Albert Pike Quotes | Quotes by Albert Pike
1A good man will find that there is goodness in the world; an honest man will find that there is honesty in the world; and a man of principle will find principle and integrity in the hearts of others.
2Nothing excites men's curiosity so much as Mystery, concealing things which they desire to know; and nothing so much increases curiosity as obstacles that interpose to prevent them from indulging in the gratification of their desires. Of this the Legislators and Hierophants took advantage, to attract the people to their sanctuaries, and to induce them to seek to obtain lessons from which they would perhaps have turned away with indifference if they had been pressed upon them.
3There are great truths at the foundation of Freemasonry, truths which it is its mission to teach and which is constituting the very essence of, that sublime system which gives the venerable institution its peculiar identity as a science of morality, and it behooves every disciple diligently to ponder and inwardly digest.
4The word well spoken, the deed fitly done, even by the feeblest or humblest, cannot help but have their effect. More or less, the effect is inevitable and eternal.
5To you, Sovereign Grand Inspectors General (33rd Degree Masons), we say this, that you may repeat it to the Brethren of the 32nd, 31st, and 30th degrees: 'The Masonic religion should be, by all of us initiates of the high degrees, maintained in the purity of the Luciferian doctrine.'
6Faith begins where Reason sinks exhausted.
7I took my obligations from white men, not from negroes. When I have to accept negroes as brothers or leave masonry, I shall leave it
8Force, unregulated or ill-regulated, is not only wasted in the void, like that of gunpowder burned in the open air, and steam unconfined by science; but, striking in the dark, and its blows meeting only the air, they recoil, and bruise itself.
9It is not in the books of the Philosophers, but in the religious symbolism of the Ancients, that we must look for the footprints of Science, and re-discover the Mysteries of Knowledge.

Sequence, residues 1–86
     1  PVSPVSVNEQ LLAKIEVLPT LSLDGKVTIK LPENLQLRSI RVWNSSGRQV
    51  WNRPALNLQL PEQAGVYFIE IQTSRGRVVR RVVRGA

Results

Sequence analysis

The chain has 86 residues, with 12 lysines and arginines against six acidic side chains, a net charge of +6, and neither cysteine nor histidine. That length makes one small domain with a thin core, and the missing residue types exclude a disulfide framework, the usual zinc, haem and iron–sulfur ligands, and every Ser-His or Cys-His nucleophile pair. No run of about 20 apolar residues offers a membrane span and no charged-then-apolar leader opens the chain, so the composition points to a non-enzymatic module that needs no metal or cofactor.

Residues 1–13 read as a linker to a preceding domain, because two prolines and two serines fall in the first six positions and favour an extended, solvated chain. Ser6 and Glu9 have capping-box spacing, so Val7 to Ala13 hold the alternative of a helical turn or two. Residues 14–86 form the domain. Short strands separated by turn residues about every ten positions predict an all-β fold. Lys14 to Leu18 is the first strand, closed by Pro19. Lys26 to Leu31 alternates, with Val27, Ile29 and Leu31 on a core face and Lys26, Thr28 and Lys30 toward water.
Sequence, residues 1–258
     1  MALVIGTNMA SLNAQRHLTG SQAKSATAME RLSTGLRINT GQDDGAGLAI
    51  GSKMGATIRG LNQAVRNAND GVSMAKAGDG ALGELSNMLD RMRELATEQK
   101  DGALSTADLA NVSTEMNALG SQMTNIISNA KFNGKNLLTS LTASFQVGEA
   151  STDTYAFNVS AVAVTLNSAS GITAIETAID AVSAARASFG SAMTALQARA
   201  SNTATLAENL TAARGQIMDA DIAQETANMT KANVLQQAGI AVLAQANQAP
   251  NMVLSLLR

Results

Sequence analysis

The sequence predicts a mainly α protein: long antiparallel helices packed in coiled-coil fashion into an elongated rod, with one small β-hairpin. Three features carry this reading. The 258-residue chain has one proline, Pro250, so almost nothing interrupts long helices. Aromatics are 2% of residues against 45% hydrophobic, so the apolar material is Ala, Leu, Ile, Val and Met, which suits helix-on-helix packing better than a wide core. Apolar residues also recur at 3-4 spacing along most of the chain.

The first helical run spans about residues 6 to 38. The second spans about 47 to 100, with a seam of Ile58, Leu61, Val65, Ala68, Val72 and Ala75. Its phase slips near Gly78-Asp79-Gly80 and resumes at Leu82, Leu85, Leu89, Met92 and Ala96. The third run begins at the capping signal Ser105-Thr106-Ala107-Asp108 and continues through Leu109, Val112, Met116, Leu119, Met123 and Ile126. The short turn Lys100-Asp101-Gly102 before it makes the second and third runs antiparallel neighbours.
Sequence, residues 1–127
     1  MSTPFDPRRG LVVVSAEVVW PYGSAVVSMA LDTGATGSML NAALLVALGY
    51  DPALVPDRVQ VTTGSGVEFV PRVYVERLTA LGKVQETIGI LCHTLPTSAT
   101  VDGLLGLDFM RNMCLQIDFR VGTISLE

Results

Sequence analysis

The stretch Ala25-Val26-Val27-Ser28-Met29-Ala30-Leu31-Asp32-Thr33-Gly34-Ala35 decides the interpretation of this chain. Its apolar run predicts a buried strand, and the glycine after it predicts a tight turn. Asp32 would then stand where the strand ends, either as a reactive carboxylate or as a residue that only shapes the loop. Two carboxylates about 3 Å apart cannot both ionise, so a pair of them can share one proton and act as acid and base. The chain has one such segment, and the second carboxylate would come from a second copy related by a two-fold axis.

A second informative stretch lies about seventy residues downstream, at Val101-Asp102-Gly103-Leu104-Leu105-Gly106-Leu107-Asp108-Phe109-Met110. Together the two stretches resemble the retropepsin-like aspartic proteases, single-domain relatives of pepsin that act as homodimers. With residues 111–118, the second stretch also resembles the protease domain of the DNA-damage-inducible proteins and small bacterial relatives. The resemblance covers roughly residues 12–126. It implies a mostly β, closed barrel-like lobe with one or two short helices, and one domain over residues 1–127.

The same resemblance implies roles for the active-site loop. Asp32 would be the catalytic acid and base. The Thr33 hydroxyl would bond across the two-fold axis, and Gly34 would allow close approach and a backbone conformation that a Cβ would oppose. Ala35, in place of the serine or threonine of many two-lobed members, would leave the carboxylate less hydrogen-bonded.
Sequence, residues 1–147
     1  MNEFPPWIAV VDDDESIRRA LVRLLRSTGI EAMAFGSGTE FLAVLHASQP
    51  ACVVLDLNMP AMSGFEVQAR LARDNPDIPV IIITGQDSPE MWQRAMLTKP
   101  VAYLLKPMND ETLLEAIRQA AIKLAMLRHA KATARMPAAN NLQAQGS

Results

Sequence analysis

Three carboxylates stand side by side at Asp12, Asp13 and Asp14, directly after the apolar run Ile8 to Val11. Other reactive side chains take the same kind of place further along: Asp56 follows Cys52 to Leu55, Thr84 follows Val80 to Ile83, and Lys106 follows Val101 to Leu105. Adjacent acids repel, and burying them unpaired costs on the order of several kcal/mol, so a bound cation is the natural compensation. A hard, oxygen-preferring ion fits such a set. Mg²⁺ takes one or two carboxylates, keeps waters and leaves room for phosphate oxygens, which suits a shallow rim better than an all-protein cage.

10Will is the dynamic soul-force.
11Before God manifested Himself, when all things were still hidden in Him... He began by forming an imperceptible point; that was His own thought. With this thought He then began to construct a mysterious and holy form... the Universe.
12Two forms of government are favorable to the prevalence of falsehood and deceit. Under a Despotism, men are false, treacherous, and deceitful through fear, like slaves dreading the lash. Under a Democracy they are so as a means of attaining popularity and office, and because of the greed for wealth.
13We must pass through the darkness, to reach the light.
14Masonry is a search after Light. That search leads us directly back, as you see, to the Kabalah.
15For it is true now, as it always was and always will be, that to be free is the same thing as to be pious, to be wise, to be temperate and just, to be frugal and abstinent, and to be magnanimous and brave; and to be the opposite of all these is the same as to be a slave.
16Let us drink together, fellows, as we did in days of yore. And still enjoy the golden hours that Fortune has in store; The absent friends remembered be, in all that鈥檚 sung or said, And Love immortal consecrate the memory of the dead.
17We are all naturally seekers of wonders. We travel far to see the majesty of old ruins, the venerable forms of the hoary mountains, great waterfalls, and galleries of art. And yet the world's wonder is all around us; the wonder of setting suns, and evening stars, of the magic spring-time, the blossoming of the trees, the strange transformations of the moth...
18Work only can keep even kings respectable.
19To sow, that others may reap; to work and plant for those that are to occupy the earth when we are dead; to project our influences far into the future, and live beyond our time; to rule as the Kings of Thought, over men who are yet unborn; to bless with the glorious gifts of Truth and Light and Liberty those who will neither know the name of the giver, nor care in what grave his unregarded ashes repose, is the true office of a Mason and the proudest destiny of a man.